Here's a picture Shag painted of my friends Sheila Parks(that's her designated driver who always buys her jewelry next to her) and Marlene Mattsson(she's checking to see if she can get a bargain). Don't forget ... the Shag show starts September 1st and the theme is Los Angeles By Day By Night.

Barone Books and Blogs

I am a huge fan of Michael Barone. 4 or 5 years ago I bought his book The New Americans. Until reading this book, I had never realized that the Irish had more than their fare share of Deadbeat Dads. My mom rarely talked about her father ... bitter because he had left her mom when she was 13. Not to run off with another woman, but because he didn't want to work hard enough to support a family of five. He looked down on Irishmen who worked as cops or firemen, but never could make a living as an insurance salesman. It's the story of A Tree Grows in Brooklyn, but I had never realized that it was a somewhat typical Irish experience.

Michael Barone of U.S. News & World Report is one of the smartest political writers in the country. In addition to his journalism, Barone is the coauthor of the biannual Almanac of American Politics--an essential tome for inside-the-Beltway pundits and other political junkies--as well as the curiously underappreciated Our Country, an excellent history of the United States from FDR to Reagan. In The New Americans, Barone brings his vast knowledge and sharp talents to the ever-present dilemmas of race and ethnicity.

As millions of immigrants stream into the United States from around the globe--including many countries that traditionally have not served as sources of immigration--Barone helpfully calms jittery nerves about cultural transformation: "We are not in a wholly new place in American history. We've been here before." In fact, we were here at the last turn of the century, when newcomers from Ireland, southern Europe, and elsewhere flocked through Ellis Island. "Many learned savants predicted a hundred years ago that the immigrants of their day could never be assimilated, that they would never undertake the civic obligations and adapt to the civic culture of the United States. History has proven them wrong," writes Barone. "We need to learn from America's success in assimilating these earlier immigrants, as well as from the mistakes that were made along the way." The bulk of the book is a set of comparative studies outlining the surprising similarities as well as the differences between Irish immigrants and today's African Americans, between Italians and Hispanics, and between Jews and Asians. In each instance, Barone believes the experiences of the former reveal something about the latter as its members struggle to adapt to their new home. The approach is like the one Thomas Sowell took many years ago in his landmark book Ethnic America; in many ways, The New Americans is a much-needed update of that pioneering work.

Next I purchased Hard America, Soft America. I work for a Seriously Big Corporation. Their management style is very Hard - aggressive and unsympathetic and under the previous management is was Soft - supportive and cooperative. As a worker, I'd love a little more softness.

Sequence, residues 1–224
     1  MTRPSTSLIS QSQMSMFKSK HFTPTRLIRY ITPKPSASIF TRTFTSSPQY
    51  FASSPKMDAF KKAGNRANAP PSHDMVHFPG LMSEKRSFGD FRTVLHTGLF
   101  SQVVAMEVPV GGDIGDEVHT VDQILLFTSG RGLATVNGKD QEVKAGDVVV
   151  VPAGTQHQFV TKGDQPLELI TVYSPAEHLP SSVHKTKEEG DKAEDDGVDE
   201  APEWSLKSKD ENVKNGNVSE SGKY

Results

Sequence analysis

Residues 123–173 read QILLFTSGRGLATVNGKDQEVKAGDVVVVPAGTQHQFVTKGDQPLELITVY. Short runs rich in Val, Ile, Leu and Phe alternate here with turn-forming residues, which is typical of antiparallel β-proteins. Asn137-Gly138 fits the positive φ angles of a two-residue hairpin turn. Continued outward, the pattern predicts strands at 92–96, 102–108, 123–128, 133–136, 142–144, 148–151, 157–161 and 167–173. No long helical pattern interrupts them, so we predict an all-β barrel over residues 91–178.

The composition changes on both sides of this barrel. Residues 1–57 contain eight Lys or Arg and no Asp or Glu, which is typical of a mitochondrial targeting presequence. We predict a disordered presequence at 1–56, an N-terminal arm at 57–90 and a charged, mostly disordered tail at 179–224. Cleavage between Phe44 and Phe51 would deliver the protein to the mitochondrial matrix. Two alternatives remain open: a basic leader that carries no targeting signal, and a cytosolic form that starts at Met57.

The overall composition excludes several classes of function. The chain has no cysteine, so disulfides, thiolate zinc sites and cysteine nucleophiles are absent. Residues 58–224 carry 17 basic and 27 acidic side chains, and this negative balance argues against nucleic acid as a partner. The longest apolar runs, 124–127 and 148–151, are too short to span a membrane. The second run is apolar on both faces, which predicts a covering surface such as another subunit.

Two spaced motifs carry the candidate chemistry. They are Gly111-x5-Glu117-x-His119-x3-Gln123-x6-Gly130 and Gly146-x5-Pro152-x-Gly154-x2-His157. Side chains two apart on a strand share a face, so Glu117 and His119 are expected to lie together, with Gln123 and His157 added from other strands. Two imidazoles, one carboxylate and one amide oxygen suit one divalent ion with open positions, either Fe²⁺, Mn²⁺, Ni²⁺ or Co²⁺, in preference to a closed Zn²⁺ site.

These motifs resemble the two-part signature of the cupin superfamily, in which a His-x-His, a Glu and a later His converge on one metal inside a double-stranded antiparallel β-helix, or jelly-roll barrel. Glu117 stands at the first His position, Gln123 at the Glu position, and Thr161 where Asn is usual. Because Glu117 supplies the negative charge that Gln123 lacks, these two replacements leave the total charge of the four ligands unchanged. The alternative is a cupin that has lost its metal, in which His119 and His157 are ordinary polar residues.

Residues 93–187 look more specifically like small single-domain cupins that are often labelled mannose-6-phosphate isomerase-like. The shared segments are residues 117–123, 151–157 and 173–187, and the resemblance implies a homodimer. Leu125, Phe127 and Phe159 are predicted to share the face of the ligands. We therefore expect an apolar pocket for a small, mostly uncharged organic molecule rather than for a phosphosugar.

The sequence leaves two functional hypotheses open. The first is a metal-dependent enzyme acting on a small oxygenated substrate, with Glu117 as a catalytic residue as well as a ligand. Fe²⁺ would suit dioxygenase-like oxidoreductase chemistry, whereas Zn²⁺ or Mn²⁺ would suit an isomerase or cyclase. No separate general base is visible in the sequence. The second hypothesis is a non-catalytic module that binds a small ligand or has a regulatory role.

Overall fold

From Publishers Weekly
In his latest book, Barone, a writer for U.S. News and World Report and a well-known political commentator, describes America as comprising two diametrically opposed characteristics: hard and soft. "Hard America" is characterized by competition and accountability, while "Soft America" attempts to protect its citizens through government regulation and other social safety nets. While Barone's book is not without its political overtones-he identifies Hard America with the political right and Soft America with the left-his book should not be seen as the latest installment in the conservative-liberal cultural wars. Rather, Barone provides a deeper look at the way in which ordinary people live and work and the meaning behind the decisions they make. His concrete historical examples highlight the advantages and disadvantages of Hard and Soft America, creating a compelling picture of two very different ways of looking at the world, without degenerating into mudslinging or name-calling,. Although Barone, a conservative, clearly favors Hard America, he appreciates the necessary difficulty that comes with balancing the two Americas. He concedes that a society without some softness would be a cruel one, but warns that "we have the luxury of keeping parts of our society Soft only if we keep enough of it Hard." Despite his conservatism, Barone (The New Americans) writes with moderation and insight. Even those who do not agree with his normative conclusions can enjoy his thought-provoking and perceptive analysis.
Copyright © Reed Business Information, a division of Reed Elsevier Inc. All rights reserved.

Now I'm reading Our Country - The Shaping of America from Rosevelt to Reagan I've just begun, but so far it's as good as his others. I had to buy it used on Amazon, since it's out of print.

The big picture and the small picture, March 7, 2000
Reviewer: Todd Weiner (Gambier, OH) - See all my reviews
Two warnings: First, the book is long. Second, the author is conservative and doesn't make an effort to hide it. If these facts don't disturb you then I can't recommend this book highly enough. It is a wonderful story of twentieth-century American politics, crammed with polls, stats, and insightful commentary. Why has ethnicity been a more important factor in politics than class? How did the political pendulum shift from conservatism to liberalism to conservatism again? Who are some of the most important statesmen in history that you've never heard of? And much, much more. If Michael Barone's "The Almanac of American Politics" is the Holy Bible of politics, then this work is a book of prayer.

Michael Barone is a fascinating writer, and now he's a blogger. You can check his site daily for interesting bits.